The undisclosed, so-called “dark money” that flooded this year’s Michigan Supreme Court election poses a grave threat to fair and impartial courts, watchdog Rich Robinson writes in a commentary published by Dome Magazine.
Robinson heads Michigan Campaign Finance Network, a JAS partner group. By his tally, candidates spent $3.4 million in this year’s judicial election, compared to $11 million spent for TV ads by the state political parties and a nonprofit based in Washington, D.C. The TV ad expenditures, however, were not reported in state disclosure reports. Overall, he says, “undisclosed outspent candidates, 3-1.”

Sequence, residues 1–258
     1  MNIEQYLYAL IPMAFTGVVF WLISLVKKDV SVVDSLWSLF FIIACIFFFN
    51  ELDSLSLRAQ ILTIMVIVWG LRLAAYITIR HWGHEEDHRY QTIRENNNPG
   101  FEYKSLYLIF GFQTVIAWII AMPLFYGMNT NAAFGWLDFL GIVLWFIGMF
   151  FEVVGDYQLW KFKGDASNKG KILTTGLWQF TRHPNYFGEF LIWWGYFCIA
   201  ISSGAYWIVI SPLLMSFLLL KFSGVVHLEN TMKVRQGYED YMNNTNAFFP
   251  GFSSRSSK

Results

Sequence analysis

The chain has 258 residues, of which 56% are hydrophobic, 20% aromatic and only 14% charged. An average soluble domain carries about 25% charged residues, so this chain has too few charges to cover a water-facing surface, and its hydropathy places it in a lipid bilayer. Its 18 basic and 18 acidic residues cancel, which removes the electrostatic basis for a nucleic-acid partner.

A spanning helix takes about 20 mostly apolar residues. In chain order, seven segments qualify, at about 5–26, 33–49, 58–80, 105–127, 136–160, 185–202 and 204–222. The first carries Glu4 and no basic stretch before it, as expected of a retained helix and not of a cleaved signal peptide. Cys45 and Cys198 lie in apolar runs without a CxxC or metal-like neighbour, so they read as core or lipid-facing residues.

And that is a source of major concern for our courts, Robinson continues:
“This is a big problem. Nobody has the motivation to spend big money in a judicial race like a litigant with a high-stakes case in the appeals pipeline. Imagine being in court opposing the person who financed the campaign of the justice who is going to decide your case. Imagine not knowing it, so you can’t make a legitimate motion for recusal. Dark money undermines the whole premise of judicial impartiality.”
In April, a bipartisan task force examining judicial selection in Michigan called for sweeping reforms, foremost among them the full disclosure of those funding Supreme Court campaign ads (see Gavel Grab).